The Changing Power Perimeters in Asia

Common Indian mindset is not national, regional and geo strategic security oriented. Vast majority of the people are so busy with the hassles of daily bread and salt that they can hardly spare time and money even for the cheapest means of entertainment-garish cinema shows. The intellectuals and professionals are confined to “think tanks” and mostly do not get opportunity to swim in the sea of knowledge; they race like horses with side-blinkers on their eyes. The “lobbies” are tilted to the USA, Russia, China, Pakistan and only a few try to reach out to security problems with open minded freshness.

I had the honor of attending a seminar recently organized by a foreign embassy that discussed the possibility of China-India and the USA emerging as the new triangle of economic miracle in the present and the next century. The discussions basically involved production, manufacturing, export, import, currency buoyancy and balance of economy. When my turn came to say a few words I started with the historic event of 1757-when an insignificant group of white traders started with trading and ended up with an Empire. My emphasis was on the theme of growing Chinese presence in India’s neighborhood, especially Pakistan, Myanmar, Bangladesh and increasing efforts to increase foothold on Thailand, Malaysia and Cambodia. There was no doubt China was spending more on military hardware and surreptitiously strengthening North Korea and Pakistan. Military activities on Indian border region were compelling India to spend more on defense budget and activate its own border regions. India was particularly worried about Pakistan’s open invitation to China to operate in the Northern Area of Jammu and Kashmir; Gilgit and Baltistan region, which are part and parcel of India, though now under Pakistani occupation.

My hosts were not pleased, so also many members of couple of “think tanks”. They felt that I had deliberately offended the sponsors. The world was moving in different direction and I was stuck to the grove of 1962 and Sino-Pak obsession and had blinded my vision that India and China were emerging as big commercial competitors. Since I have never sold a liter of oil so far in my life, trade is alien to me. My microscopic and myopic visions tell me India’s economic growth would progress unhindered and India should also be aware of gradual spread of China in Pakistan. Growing Chinese activities on Indian borders and increasing presence in Pakistan may hinder India’s economic progress. A time may come soon when Pakistan may say bye to the United States after the latter’s withdrawal from Afghanistan and invite China in a bigger way. This aspect requires some threadbare examination.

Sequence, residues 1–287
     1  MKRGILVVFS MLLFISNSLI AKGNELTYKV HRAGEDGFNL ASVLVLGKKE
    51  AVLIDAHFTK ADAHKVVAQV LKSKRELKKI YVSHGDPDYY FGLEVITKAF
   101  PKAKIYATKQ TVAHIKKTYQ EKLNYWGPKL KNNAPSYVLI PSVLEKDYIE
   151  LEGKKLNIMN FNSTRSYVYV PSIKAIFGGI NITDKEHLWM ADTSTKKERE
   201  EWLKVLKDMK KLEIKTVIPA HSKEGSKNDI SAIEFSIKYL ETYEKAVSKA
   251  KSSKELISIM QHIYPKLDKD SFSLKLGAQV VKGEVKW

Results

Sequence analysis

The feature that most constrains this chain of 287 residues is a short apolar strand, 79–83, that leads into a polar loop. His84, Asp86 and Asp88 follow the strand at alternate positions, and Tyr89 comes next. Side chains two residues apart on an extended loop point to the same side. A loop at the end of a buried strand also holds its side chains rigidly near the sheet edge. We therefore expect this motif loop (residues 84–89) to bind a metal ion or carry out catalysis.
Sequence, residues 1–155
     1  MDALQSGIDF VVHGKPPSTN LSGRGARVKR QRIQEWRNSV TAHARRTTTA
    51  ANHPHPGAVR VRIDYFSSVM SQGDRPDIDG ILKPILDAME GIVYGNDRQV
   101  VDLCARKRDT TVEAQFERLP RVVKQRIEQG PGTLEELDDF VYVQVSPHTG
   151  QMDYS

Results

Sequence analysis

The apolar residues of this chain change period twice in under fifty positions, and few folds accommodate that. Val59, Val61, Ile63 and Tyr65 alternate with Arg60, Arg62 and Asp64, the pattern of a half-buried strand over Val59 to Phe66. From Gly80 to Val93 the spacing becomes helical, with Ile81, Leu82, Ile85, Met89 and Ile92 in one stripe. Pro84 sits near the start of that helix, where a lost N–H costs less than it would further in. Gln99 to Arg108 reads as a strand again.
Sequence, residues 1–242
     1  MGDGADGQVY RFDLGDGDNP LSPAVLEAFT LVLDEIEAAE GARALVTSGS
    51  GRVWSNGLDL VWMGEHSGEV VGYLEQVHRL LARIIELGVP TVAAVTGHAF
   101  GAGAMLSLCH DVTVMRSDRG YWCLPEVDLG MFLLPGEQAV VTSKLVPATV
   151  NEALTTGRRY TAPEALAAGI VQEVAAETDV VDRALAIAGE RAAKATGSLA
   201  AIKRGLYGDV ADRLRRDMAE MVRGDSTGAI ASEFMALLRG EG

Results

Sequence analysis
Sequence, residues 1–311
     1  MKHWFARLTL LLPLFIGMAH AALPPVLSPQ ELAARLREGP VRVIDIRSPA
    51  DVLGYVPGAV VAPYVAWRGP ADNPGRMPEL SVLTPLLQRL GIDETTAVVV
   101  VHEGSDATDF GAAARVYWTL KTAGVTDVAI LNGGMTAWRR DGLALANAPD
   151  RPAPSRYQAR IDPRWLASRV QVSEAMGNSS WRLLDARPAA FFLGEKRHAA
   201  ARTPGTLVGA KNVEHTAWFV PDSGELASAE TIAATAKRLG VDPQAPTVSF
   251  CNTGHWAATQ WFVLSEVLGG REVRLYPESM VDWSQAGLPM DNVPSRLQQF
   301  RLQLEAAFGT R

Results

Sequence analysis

Are the USA and its NATO allies winning the war in Afghanistan? Is Washington leaning more or less on Pakistan for fighting the elusive enemy of hotchpotch Afghan Taliban groups, al Qaeda and supporting jihadi tanzeems from Pakistan? Talibans are not all Pushtuns. There are elements of Uzbek, Tajik, Chechen, Uyghur, Indonesian, Malaysian, Filipino and Pakistani elements besides the Arabs who form disjointed operational groups and fight the western forces and forces of the Kabul government.

Pakistan army and the Inter Services Intelligence (ISI) have all along been supporting the Taliban movement and the al Qaeda in Afghanistan though President Musharraf had plunged in the Afghan war along with the US to save its own skin. Instability in Afghanistan offered Pakistan opportunity to manufacture and hedge special jihadi tanzeems like Lashkar-e-Taiba, Jais-e-Mohmmad, Hizbul Mujahideen, Harkat-ul-Jihad al Islami etc for waging war against India in Kashmir and other hinterland areas. In concert with the than friendly Directorate General of Forces Intelligence (DGFI) of Bangladesh and Bangladesh Jamait Islami, HuJI and Jamamit ul Mujahideen Bangladesh (JMB) the ISI created large bases in India’s eastern flank as well for creating serious security problems.

For years, Pakistan’s army has played a double game, accepting US aid while continuing to back Taliban leaders as proxies to counter Indian influence in Afghanistan. President Obama has sought to convince Pakistan to abandon this policy by offering to remake the fraught alliance between Washington and Islamabad. He wanted to convince Pakistan that its interests would be better protected by smashing bases used by the Haqqani network of Afghan fighters in North Waziristan in return for a long-term partnership.

Washington has buttressed that offer with $7.5bn of civilian aid over five years, an effort to shake off America’s image in Pakistan as a fair-weather friend. Hillary Clinton, US secretary of state, promised last month that Washington would deliver military aid to Pakistan until 2016, well beyond the envisaged end of NATO’s combat mission in Afghanistan in 2014. This is particularly important given fears in Islamabad that the struggle against domestic insurgents could last for years. Washington sees Pakistan as strategically far more significant than Afghanistan – because it hosts both al-Qaeda leaders and nuclear weapons.

American officials acknowledge that there is no quick fix for Pakistan, particularly given the weakness of its civil institutions, but there are signs that the army is starting to question the cost of its long romance with extremists. The emergence of Tehrik-e-Taliban Pakistan (several groups) and their links with groups of al Qaeda, LeT, Lashkar-e-Jhangvi etc terrorist groups have changed the internal security scenario of Pakistan.

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